In 1978, I was asked to give a series of talks at our church on four consecutive Wednesday evenings. As I was going to be paid for these talks, I decided I needed to fully prepare. I devoured ten books, minimum, wrote down exactly what I would say for each week, and took one year to get ready. I was up for the speaker’s challenge after my stint in Toast Masters. I had visualized the audience being in awe of my speaker prowess.
The first night arrived. I had all my ducks in a row ready to impart all this wisdom, and then proceeded to die 100 deaths when I finally stood up in front of the massive crowd of 50 people. Sweat was pouring off me so badly that I had to take off my drenched jacket. My glasses had fogged up so that I could not even see the pages of notes, much less read them. My stomach was in civil war mode, and I was counting the seconds to when I could exit off that stage, and promptly refund everyone’s money!
I had neglected the most important part of giving any presentation. I had forgotten to start with a story; a story about myself where I spoke of an experience relating to what I was about to teach.
Thank goodness! After what seemed like a very long 10 minutes, in reality only 60 seconds, one of my friends in the audience came to my rescue. “Jack, tell us the story of how you dealt with this issue when you were growing up in North Dakota”. In that moment, that man was my guardian angel! It was what I needed to get back on track, and I went on to relate various stories that evening, and throughout the course of the four weeks. Even so, the memory of my discomfort that evening is easily remembered.
I had been in Toast Masters for five years before, and had even learned the imperative of telling a personal story in your seven-minute talk. But all that went out the window when I realized I was going to be paid for a presentation. I was so nervous, I had forgotten even the basics of speaking to an audience, much less wowing them!
Giving a speech, writing a speech and writing an article is much the same process. Never try to make a point in an article without telling a story, and never tell a story in your article without making a significant point.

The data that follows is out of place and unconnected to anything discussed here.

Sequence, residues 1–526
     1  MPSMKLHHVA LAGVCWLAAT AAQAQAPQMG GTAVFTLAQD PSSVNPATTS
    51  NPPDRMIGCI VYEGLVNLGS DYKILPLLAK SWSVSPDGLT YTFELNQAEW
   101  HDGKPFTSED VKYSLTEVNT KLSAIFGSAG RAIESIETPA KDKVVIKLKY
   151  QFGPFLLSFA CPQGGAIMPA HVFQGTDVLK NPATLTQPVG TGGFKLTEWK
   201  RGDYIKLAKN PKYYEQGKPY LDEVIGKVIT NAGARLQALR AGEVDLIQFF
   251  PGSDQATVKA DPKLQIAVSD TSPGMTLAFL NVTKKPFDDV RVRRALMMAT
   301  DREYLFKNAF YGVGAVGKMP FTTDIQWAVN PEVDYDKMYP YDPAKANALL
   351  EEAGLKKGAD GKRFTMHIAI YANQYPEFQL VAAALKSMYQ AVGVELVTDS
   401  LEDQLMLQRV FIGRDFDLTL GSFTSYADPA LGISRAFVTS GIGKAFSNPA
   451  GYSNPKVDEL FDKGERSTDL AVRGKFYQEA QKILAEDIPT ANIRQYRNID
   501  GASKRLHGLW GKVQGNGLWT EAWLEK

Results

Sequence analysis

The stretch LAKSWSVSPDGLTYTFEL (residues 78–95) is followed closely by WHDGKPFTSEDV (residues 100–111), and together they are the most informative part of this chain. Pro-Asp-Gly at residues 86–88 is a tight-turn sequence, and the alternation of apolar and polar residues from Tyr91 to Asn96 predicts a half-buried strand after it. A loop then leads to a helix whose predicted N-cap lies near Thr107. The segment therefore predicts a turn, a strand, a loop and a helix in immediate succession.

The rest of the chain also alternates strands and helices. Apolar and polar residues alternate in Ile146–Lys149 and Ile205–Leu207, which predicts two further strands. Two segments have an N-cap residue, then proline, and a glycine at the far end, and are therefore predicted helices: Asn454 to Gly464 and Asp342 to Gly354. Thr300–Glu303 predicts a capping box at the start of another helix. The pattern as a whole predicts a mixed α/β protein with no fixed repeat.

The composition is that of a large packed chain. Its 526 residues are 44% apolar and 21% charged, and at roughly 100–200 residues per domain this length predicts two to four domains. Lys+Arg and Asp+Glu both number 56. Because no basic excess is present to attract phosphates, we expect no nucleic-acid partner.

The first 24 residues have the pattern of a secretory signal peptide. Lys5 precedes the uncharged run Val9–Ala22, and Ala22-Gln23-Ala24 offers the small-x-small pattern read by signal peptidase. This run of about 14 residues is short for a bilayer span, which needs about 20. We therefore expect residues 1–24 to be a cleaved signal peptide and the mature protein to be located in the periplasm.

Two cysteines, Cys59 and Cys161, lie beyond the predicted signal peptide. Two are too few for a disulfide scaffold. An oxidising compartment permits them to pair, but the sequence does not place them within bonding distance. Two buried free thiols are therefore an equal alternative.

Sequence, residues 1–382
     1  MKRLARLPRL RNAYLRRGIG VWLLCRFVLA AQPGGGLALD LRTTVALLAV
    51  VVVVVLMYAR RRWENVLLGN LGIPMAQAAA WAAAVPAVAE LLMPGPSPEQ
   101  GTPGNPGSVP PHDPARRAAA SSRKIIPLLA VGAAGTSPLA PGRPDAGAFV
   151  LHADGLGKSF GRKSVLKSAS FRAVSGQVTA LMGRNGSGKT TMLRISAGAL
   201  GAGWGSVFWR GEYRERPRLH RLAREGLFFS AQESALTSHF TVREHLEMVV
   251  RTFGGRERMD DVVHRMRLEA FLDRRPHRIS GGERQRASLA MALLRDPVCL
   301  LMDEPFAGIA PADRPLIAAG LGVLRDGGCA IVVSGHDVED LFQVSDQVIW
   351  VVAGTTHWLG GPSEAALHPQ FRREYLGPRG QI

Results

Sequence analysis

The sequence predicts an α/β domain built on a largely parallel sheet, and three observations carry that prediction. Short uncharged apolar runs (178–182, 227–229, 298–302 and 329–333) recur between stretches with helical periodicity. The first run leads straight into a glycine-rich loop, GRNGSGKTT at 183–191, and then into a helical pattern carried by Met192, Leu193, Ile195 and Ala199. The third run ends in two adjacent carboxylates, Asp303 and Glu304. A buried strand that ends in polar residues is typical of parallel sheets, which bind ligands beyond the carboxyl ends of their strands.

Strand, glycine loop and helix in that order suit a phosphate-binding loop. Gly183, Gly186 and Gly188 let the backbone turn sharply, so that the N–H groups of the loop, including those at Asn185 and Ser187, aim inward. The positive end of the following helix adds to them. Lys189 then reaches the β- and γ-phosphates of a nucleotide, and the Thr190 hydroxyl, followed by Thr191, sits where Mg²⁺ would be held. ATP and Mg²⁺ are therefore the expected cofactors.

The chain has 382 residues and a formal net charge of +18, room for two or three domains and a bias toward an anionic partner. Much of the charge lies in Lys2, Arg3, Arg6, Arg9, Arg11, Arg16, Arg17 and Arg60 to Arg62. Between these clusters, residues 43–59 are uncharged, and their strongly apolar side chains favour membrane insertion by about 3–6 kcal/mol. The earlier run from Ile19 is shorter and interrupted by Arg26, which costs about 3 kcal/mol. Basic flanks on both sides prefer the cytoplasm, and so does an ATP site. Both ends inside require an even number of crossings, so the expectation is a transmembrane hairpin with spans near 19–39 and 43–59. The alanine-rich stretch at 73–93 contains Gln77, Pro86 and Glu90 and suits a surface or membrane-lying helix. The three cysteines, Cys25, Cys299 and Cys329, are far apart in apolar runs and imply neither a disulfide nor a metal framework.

In 1971, I received a phone call during dinner, and my eight-year old daughter, Lorrie, answered the phone. She said it was long distance, and as I picked up the phone, there on the other end of the line was a voice, “Hi Jack, this is Charlie Tremendous Jones”. Now I had just read Charlie’s book, Life is Tremendous, and I didn’t really believe the voice, so I asked, “No, who is this really?!” Once again, he stated he really was Charlie Tremendous, and went on to inform me that he was heading for Hawaii to give a speech, had a two-hour layover in Seattle, and wanted to join me for breakfast. It was the most tremendous two hours I had spent in a long, long time.
I ended up hiring Charlie to speak to all my managers and employees at Farrell’s Ice Cream Parlours. During his presentations, Charlie constantly was telling stories to drive home each of his points. Even if you remembered nothing of his main points, you would remember the stories, and eventually the impact of his message through the stories would begin to sink in.
After all these years, I have drilled in my mind Charlie’s words which he would repeat at least 4 – 5 times in every talk: Never make a point without telling a story, and never tell a story without making a point.
Hopefully by now, you are starting to get the ‘point’ of this article. A good newspaper article always starts with a story about a person or a family to grab your attention. The Wall Street Journal has been practicing this simple formula for years, and they are masters. “Yesterday, Joe Smith went to his mailbox only to find a foreclosure notice giving him one month to come up with the money or the bank takes over his mortgage”. There usually follows some information about his family, his job that he lost, and so forth. Well, by then, you’re hooked! Now, you have to go to page 6 to find out about all the other Joe Smiths across the country and how they are dealing with the same issue, and then, finally at the end, you read about the statistics. Now, if instead of the personal story, the article had opened with the statistics, and the general information of all the other Joe Smiths across the country, the article would never have been read by as many people. Individual readers connect with the story of that one person, and that’s what peaks their interest and keeps them reading further.
- Always begin your article with a story grabber to hook your reader.
- Invest as much time in writing the opening paragraph as you do on the rest of the article.
- Make your story one that the majority of readers can connect with, and not soon forget in the near future. One helpful way to do this is to integrate as many specifics as possible, both emotional and sensory. When your reader can make a connection with either a physical and/or emotional experience in their own life, chances are they will read that article through to the last word.
Good luck and good storytelling!